FRANK TUOHY is one of those literary conservationists who would no more waste a word than leave the tap running while they go answer the phone. The rigor of his prose can make quite short stories -- 36 of them in this distinguished collection's 410 pages -- seem full-bodied and not completely fathomed.

Tuohy's minimalist approach contrasts sharply with the effusiveness of, say, William Faulkner, who augmented his sentences with qualifications, embellishments, and sonorities, all designed to depict the towering passions of larger-than-life characters. Tuohy's characters are modeled more closely to life's actual scale, and his style keeps pace with the cadence of ordinary speech. He achieves forcefulness by the exactness of his observations, especially when he scrutinizes small matters that might elude other writers's notice. In "The Admiral and the Nuns," for example, the narrator evokes the tension in a household by noting, "A few minutes later we had to use force to break down the silence that had arisen."

There is an equally strained encounter in "The Trap." A not-so-young-anymore Polish woman has pursued a visiting professor back to his native England in hopes of kindling a romance. In a restaurant "he went on talking, aware that she was not listening to him so much as inhaling his physical presence. He thought of the tiny distance that divides the great peace of mutual attraction from the warfare of that which is not mutual. Now his knees were almost painfully spread apart under the little table in order not to come into contact with hers."

An Englishman of Irish and Scottish descent who has also written three novels and a biography of Yeats, Tuohy has lived in Japan, Poland, Argentina, Portugal, and the United States. Some of his best stories capitalize on his familiarity with transcultural predicaments. In "Nocturne With Neon Lights," a British businessman in Tokyo exultantly sees his wife off at the airport. Having been miserable in Japan, she is going home while he completes his year's assignment -- and dallies in the arms of Reiko, his Japanese mistress. But the new address Reiko has given him appears in Oriental characters susceptible to several interpretations, and no one can tell him where the lady lives. Mindful of the "national characteristic to accept defeat and cut your losses," he comes to the sickening realization that Reiko may not get in touch with him after he misses their rendezvous, that he's probably lost her forever.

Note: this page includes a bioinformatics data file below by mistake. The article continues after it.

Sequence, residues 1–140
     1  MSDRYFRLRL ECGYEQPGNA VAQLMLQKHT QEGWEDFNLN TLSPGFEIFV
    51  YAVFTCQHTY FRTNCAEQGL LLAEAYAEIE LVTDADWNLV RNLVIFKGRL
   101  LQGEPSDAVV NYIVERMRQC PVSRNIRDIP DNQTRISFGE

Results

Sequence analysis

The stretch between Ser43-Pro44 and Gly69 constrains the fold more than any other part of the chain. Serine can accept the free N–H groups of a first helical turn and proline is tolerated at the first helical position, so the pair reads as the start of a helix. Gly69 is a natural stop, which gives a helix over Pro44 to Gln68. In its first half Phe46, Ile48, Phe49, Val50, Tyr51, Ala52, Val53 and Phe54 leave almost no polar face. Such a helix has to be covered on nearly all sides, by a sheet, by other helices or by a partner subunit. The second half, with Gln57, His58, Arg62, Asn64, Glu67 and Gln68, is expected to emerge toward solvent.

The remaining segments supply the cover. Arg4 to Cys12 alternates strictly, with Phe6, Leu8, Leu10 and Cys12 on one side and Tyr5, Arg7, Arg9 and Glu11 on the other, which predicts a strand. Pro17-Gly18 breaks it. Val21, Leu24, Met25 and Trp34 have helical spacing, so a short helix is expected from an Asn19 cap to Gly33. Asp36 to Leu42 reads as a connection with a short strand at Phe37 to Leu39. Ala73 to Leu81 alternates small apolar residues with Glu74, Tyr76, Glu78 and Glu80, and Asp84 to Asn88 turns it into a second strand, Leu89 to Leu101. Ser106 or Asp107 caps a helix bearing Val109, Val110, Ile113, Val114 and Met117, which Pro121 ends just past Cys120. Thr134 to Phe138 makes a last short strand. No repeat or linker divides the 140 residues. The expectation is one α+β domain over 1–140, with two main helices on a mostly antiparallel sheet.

In "Thunderbolt" the cultural differences between a shy English youth and a worldly French girl dissolve under the radiance of their mutual lust. In "Evening in Connecticut" the lesser differences between a English and an American academic snowball to the verge of combat. As the effeminate-looking American dilates on the good looks and charm of his "boy," the foreigner assumes he's talking about a catamite. In fact, "my boy" means "my son" to the American, who becomes furious when he catches on to the mistake.

The multiplicity of stories, settings, and nationalities reaches its apex in "The Potlatch of Esmeralda," in which a black Brazilian woman and a white Spanish man befriend each other in Paris. At times such intricate combinations can be so dazzling as to obscure Tuohy's artistic aims.

Often, though, the easiest way of ascertaining what an artist is up to is by examining his failures. There are few of them in this omnibus volume (which gathers three earlier collections and spans 20 years of Tuohy's work in the short story). But one, called "Windows," is instructive. To my mind it falls short because it reveals the author redhandedly forging a connection -- between two separate sightings, an ocean and several years apart, of naked women in windows. At any rate, the closing lines are telling, if tendentious: "Whatever your experiences are, it is you who choose them to make the pattern. The girls at the windows belonged to him because he was alive. The two separate visions he had been given reminded him that he was unique, and that, because we are unique, we are alone."

The same themes are sounded more subtly and effectively in several other stories. Connections are made, uniquenesses rendered. Few of us go around talking about those evanescent moments that preoccupy our idling minds: the naked women fleetingly seen or, in another story, the "tear bubbles" that "trickle slowly across" a child's eyeballs while he lies on the ground, gazing at the sky. ("I thought them to be a special private vision," the grown-up child recalls, "like angels.") By retrieving such discardable moments, by chronicling the vagaries of personal down-time, Tuohy reminds us that our terrible aloneness is, paradoxically, something we all have in common.